The following year, Roberts went to Auckland, New Zealand, to work with his counterpart there in fire blight research, Chris Hale, then with HortResearch, at the Mt. Albert Research Centre. New Zealand also has a strong interest in the apple-fire blight issue, and it has sought market access to Japan and Australia, which maintains the same prohibitive fire blight restrictions against both New Zealand and U.S. apples.
Roberts, Hale, and plant pathologists Edward Miller and Scott C. Redlin, from USDA’s Animal and Plant Health Inspection Service (APHIS), collaborated to complete the first formal risk assessment for fire blight spread by apple fruit.
“We considered all the steps that would have to occur for long-distance transmission through commercial apple fruit. For some steps, the data indicated that transmission has never occurred, either experimentally or in the real world. This would have resulted in an assessment of zero risk, because the way a risk assessment works is that you multiply all the risks together—and any time you have a zero in a multiplication…,” Roberts says.
But the team took the most conservative position by assigning some risk to each step, even if the data indicated that no transmission was possible at a specific point.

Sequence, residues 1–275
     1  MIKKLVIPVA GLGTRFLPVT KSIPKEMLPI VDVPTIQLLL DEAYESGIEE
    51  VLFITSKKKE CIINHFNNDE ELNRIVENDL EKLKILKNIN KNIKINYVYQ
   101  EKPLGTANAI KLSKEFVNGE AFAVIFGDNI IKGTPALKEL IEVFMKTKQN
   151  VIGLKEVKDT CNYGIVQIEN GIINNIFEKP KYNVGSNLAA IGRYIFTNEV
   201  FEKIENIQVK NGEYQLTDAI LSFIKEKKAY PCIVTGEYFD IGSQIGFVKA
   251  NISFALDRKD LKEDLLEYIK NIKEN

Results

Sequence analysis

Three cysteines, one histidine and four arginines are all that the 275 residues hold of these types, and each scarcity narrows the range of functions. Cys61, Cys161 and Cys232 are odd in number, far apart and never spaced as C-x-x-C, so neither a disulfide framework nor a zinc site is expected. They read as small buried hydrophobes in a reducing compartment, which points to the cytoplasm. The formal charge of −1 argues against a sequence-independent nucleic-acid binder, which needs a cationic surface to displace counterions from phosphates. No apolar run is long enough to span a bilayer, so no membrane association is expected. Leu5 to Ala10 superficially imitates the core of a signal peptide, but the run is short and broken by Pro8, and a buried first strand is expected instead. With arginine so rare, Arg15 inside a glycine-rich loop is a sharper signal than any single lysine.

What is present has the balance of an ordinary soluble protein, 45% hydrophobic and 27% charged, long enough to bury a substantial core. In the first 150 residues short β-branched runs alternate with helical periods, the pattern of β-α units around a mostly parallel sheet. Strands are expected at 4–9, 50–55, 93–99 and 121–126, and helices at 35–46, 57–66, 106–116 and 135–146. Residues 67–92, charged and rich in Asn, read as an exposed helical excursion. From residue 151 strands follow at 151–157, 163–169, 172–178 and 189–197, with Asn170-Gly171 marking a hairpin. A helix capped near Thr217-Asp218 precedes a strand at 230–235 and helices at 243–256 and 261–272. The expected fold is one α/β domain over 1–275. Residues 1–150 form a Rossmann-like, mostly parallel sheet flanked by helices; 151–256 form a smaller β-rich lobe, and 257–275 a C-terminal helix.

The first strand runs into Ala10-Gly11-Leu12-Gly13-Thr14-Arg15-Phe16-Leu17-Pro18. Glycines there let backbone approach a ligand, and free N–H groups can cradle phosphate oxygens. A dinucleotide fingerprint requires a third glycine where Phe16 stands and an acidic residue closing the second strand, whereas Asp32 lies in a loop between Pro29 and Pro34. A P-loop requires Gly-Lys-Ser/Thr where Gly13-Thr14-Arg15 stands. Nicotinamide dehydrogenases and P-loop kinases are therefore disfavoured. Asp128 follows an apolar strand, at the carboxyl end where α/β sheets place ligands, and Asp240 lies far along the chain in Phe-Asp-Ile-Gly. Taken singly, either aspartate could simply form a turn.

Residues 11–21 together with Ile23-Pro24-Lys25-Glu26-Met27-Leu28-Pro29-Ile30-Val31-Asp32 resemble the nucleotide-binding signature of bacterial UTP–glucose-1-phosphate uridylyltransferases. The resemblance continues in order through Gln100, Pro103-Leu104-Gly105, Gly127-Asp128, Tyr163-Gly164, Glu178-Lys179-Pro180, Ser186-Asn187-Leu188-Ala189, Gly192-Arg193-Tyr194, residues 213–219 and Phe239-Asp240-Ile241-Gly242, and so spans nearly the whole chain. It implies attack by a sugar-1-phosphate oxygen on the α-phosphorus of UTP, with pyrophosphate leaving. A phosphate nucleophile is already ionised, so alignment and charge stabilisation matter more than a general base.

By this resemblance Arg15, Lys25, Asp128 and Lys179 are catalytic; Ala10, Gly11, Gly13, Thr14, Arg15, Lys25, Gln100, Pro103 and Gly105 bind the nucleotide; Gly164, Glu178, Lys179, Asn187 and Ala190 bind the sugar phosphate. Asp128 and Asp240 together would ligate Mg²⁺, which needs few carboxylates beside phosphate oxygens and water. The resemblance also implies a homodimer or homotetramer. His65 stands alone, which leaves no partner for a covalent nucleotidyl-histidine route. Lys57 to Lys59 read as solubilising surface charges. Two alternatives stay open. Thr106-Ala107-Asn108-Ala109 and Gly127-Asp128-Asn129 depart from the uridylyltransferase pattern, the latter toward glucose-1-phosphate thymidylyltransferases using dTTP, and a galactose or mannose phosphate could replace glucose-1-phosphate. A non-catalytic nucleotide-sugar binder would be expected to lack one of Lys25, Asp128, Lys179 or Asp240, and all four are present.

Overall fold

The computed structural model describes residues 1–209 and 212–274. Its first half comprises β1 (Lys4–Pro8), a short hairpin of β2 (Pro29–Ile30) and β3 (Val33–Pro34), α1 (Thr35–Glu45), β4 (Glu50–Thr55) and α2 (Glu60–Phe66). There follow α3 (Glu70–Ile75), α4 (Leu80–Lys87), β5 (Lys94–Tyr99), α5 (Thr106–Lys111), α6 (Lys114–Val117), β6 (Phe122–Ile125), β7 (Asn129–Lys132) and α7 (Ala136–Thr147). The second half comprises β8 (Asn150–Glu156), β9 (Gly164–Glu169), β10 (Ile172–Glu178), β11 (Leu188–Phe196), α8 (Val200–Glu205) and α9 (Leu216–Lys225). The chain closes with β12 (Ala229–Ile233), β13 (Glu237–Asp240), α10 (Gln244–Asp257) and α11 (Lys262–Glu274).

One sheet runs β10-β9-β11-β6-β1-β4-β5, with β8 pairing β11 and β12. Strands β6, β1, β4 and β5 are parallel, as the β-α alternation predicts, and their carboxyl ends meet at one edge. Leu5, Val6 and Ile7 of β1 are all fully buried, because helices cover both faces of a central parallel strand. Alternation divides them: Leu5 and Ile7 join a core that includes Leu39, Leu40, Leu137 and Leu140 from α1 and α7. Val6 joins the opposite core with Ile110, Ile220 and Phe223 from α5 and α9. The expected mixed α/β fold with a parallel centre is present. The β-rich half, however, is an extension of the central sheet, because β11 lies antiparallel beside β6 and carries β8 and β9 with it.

“Based on that model, even the riskiest scenario showed that fire blight spread from apple shipments was not likely to happen in many thousands of years,” Roberts says.
Unfortunately, Japan maintained its regulatory position.
By 1999, the Pacific Northwest apple industry was very frustrated by Japan’s position, and the USTR became involved.
In an attempt to reach resolution, Roberts hosted a team of scientists from Japan’s Ministry of Agriculture, Forestry, and Fisheries in the early spring of 2000, and again at apple harvest, in an effort to build consensus with the Japanese on the very low risk of U.S. apples’ spreading fire blight.
“We harvested 30,000 apples at various distances from trees known to have fire blight and even some from the trees that had fire blight. We assayed 900 immediately after harvest and checked the rest after they had been stored until December, essentially the way exported apples would be treated,” Roberts says. “No fire blight bacteria were found in any of the apples, and no fire blight developed during storage, confirming the earlier work from the late 1980s.